Once you start noticing this, you may also notice that those who are careful with their energy and can say “no” without the fear of rejection are more fulfilled – and more loved – because they are acting from true generosity that fills their cup and is returned in kind, rather than wasting energy chasing the good will of others (which is never enough to fill the empty void).

When your “yes” comes from a fear of disappointment

The flip side of worrying about other people not loving you if you say “no” to them is the fear that you might stop loving yourself – that you may prove to yourself (and everyone else) that you are truly unloveable. If this resonates with you, you may recognise that your generosity of spirit is an essential part of your sense of self. This is wonderful when it comes from a place of abundance but can lead to burnout when it comes from a place of lack – a need to constantly demonstrate that you are worthy of love, that you are a good person.

As a result you end up saying “yes” to tasks, events and people that drain your energy without reserve, and this can lead to resentment. When you are tempted to say “no” to a request, you end up feeling guilty and beat yourself up for your selfishness and lack of concern for others.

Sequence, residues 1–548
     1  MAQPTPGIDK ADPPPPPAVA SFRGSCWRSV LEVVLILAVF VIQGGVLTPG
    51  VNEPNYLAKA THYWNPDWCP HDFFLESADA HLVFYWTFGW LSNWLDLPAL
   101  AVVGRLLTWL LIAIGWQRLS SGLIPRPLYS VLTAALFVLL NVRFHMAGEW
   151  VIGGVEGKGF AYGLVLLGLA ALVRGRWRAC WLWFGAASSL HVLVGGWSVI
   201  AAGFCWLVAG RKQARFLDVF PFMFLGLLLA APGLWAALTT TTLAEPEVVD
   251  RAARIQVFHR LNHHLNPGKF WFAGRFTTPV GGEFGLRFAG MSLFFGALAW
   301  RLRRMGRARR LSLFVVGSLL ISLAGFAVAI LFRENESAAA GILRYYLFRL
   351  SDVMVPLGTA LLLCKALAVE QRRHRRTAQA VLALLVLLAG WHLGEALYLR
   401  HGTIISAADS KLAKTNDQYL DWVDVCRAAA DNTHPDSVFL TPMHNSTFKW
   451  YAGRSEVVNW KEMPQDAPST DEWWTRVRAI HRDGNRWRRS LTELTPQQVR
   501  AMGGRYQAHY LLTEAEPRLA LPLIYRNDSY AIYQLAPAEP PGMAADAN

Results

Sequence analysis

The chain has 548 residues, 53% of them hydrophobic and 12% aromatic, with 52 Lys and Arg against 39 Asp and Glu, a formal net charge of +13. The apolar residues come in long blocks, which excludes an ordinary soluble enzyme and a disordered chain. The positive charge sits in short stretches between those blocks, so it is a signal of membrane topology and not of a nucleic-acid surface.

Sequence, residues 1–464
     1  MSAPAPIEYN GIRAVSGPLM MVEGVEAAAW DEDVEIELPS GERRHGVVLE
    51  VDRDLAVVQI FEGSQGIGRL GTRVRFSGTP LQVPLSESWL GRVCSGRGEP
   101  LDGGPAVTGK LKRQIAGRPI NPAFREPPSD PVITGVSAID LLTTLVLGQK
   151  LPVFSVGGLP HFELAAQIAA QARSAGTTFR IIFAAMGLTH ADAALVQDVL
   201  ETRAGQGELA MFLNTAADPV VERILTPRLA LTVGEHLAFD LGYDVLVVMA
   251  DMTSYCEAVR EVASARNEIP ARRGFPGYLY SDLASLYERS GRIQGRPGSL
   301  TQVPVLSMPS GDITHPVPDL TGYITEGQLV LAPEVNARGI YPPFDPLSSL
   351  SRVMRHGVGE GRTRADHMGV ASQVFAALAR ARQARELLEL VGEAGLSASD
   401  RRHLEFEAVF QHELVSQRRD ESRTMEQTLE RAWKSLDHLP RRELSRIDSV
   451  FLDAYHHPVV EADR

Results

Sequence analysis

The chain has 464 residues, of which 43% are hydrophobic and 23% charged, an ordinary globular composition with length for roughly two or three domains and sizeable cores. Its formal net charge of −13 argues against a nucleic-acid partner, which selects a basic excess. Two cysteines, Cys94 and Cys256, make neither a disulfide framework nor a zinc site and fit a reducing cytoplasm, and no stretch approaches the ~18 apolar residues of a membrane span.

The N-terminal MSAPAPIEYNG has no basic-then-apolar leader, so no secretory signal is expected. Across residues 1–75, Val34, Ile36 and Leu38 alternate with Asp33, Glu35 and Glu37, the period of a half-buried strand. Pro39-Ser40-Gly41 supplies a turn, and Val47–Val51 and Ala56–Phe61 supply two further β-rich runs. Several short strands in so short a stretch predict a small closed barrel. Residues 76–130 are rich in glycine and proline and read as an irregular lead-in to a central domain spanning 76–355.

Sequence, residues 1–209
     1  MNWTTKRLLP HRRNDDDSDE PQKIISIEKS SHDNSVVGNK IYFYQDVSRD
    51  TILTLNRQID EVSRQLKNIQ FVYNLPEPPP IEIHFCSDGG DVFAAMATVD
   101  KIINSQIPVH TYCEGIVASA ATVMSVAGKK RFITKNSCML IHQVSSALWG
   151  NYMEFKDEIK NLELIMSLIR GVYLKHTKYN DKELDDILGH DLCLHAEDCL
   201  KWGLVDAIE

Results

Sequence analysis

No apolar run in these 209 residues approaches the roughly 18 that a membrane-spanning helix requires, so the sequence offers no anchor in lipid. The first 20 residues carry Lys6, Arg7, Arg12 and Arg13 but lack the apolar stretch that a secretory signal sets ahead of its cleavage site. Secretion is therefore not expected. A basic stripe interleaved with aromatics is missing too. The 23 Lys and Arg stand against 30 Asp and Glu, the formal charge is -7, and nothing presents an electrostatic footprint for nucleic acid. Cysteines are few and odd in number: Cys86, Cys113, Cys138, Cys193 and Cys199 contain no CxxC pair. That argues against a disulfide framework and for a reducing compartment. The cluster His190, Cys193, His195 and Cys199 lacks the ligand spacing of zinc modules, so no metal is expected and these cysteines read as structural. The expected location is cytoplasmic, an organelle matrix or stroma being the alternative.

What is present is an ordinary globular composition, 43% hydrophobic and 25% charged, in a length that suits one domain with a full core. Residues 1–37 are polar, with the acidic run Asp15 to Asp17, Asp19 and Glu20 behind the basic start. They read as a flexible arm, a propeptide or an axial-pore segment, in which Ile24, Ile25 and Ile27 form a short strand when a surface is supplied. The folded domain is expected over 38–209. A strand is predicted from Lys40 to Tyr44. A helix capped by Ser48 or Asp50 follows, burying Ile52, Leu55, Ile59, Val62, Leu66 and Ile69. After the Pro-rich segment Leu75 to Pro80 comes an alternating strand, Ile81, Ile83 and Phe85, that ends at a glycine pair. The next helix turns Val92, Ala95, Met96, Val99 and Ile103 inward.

It’s a no-win situation because you end up bending over backwards to prove that you are a good person, but you can never satisfy your own expectations about what is “good enough”. You are always disappointed with yourself, or afraid of disappointing someone else.

One way to start weaning yourself from this behaviour it to slowly raise your risk tolerance by stepping outside your comfort zone – giving yourself permission to disappoint people in small ways – and noting the consequences for yourself and others. Does the world end? Does anyone die? If not, take that as proof that you don’t need to be ashamed of caring for yourself enough to set boundaries.

You can also build up your self-worth by consciously choosing to show yourself the same compassion you show to others. When faced with a tough decision, where you feel that you “should” say “yes”, even though you would much rather say “no”, try roleplaying what you would say to your best friend if they came to you for advice in a similar situation, and then apply that advice to yourself. If you acknowledge that you would not think badly of someone you love for prioritising self-care, it is easier to extend the same level of respect to yourself.

When your “yes” comes from a fear of missing out

Another common cause of saying “yes” when you mean “no” is FOMO – the fear of missing out. This “yes” carries the strength of envy and desperation to belong, the desire to be connected. It feeds on social anxiety and insecurity, pushing you to do more and be more without stopping to consider what kinds of interaction really light you up.